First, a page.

computing of interest rates
Mini-case 1 (provide all the answers in an Excel file)
Mini-case 1 consists of a series of problems and a case study. The main purpose of this mini-case is to solidify your understanding of interest rates.
Problem 1 (20 points) – understanding how to compute duration
Consider two bonds: bond XY and bond ZW. Bond XY has a face value of $1,000 and 10 years to maturity and has just been issued at par. It bears the current market interest rate of 7% (i.e. this is the yield to maturity for this bond). Bond ZW was issued 5 years ago when interest rates were much higher. Bond ZW has face value of $1,000 and pays a 13% coupon rate. When issued, this bond had a 15-year, so today its remaining maturity is 10 years. Both bonds make annual coupon payments.
a) (5 points) What is the price of Bond ZW, given that market interest rates are 7%?
b) (15 points) Compute the duration for both bonds (use Excel).
Problem 2 (35 points) – understanding the determinants of duration
In this exercise, you are going to analyze first the relationship between interest rates and bond prices, and then the effect of time to maturity, interest rates and coupon rates on duration.
a) (5 points) First, consider a 10 year bond with a coupon rate of 7% and annual coupon payments. Draw a graph showing the relationship between the price and the interest on this bond. The price should be on the y-axis and the interest rate on the x-axis. To compute the various prices, consider interest rates between 2% and 12% (use 0.5% increments). So your x-axis should go from 2%, then 2.5% … until 11.5% and then 12%.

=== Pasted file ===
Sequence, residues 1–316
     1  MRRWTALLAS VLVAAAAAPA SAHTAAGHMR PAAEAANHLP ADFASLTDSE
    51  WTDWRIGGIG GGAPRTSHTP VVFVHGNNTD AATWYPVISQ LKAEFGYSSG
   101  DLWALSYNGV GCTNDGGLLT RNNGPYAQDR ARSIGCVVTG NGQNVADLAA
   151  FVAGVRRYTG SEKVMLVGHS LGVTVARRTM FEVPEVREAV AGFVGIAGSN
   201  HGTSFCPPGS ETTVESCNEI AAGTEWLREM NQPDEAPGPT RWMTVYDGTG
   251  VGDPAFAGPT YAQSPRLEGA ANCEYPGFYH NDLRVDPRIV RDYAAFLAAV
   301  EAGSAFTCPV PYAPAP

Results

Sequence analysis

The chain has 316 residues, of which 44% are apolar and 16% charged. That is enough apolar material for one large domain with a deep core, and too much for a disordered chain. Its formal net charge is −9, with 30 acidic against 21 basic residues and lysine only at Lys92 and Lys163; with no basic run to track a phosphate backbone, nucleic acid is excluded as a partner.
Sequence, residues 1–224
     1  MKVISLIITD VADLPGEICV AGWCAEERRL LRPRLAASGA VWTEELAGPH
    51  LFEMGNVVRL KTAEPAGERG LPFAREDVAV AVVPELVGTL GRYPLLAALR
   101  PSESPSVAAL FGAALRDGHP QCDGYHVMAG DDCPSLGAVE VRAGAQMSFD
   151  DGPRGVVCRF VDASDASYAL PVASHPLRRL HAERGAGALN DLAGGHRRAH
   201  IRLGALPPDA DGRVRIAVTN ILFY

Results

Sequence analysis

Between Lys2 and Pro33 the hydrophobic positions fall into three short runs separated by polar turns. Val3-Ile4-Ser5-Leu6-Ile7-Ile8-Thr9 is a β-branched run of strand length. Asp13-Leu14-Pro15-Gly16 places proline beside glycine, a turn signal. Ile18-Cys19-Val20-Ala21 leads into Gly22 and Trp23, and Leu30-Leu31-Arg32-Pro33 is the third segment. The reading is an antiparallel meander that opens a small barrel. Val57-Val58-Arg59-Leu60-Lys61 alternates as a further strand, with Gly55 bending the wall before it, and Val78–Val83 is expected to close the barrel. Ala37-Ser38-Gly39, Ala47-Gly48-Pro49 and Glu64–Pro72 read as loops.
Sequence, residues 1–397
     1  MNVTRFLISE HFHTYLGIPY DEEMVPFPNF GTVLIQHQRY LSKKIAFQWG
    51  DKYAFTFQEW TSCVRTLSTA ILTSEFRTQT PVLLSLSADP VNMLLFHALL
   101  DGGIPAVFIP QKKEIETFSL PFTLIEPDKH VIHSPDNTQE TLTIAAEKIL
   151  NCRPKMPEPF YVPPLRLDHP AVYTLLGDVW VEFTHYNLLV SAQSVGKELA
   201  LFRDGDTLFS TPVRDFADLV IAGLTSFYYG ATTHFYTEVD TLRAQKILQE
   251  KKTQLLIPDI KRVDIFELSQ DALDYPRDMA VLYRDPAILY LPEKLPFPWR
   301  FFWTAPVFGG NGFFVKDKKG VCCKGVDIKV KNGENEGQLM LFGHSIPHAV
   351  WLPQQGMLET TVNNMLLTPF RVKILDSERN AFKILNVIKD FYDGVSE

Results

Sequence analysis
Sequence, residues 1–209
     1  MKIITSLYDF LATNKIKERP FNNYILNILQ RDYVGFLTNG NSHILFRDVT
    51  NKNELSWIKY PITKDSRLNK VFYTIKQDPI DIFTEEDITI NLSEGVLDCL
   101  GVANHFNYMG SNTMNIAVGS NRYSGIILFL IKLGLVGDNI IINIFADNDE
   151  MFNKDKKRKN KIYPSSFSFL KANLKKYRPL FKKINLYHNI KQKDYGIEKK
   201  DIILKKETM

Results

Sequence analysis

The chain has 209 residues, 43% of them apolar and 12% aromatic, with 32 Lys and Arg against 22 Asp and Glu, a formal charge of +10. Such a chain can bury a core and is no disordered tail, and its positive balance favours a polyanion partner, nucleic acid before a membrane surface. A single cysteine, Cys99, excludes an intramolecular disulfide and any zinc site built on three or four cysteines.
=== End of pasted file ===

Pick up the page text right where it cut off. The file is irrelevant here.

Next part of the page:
Is the relationship linear (i.e. is the slope constant)? Start at 7%. If interest rates go up or down by 0.5% is the price changing by the same amount? What type of relationship do we observe between prices and interest rates (liner, concave, convex or something else)?
b) (5 points) Now consider the same bond with 10 year maturity, a face value or $1,000, a coupon rate of 7% (coupon is paid annually) and assume that the yield to maturity on the bond is 7%. Compute the duration of this bond.
c) (5 points) Next, we are going to analyze the effect of time to maturity on the duration of the bond. Compute the duration of a bond with a face value of $1,000, a coupon rate of 7% (coupon is paid annually) and a yield to maturity of 7% for maturities of 2 to 18 years in 1-year increments (so here we are going to vary the time to maturity and see how duration changes if N=2, 3 … etc.). What happens to duration as maturity increases?
d) (5 points) Next, we are going to analyze the effect of the yield to maturity on the duration of the bond. Compute the duration of a bond with a face value of $1,000, a coupon rate of 7% (coupon is paid annually) and a maturity of 10 years as the interest rate (or yield to maturity) on the bond changes from 2% to 12% (consider increments of 1% – so you need to compute the duration for various yields to maturity 2%, 3%, …, 12%) . What happens to duration as the interest rate increases?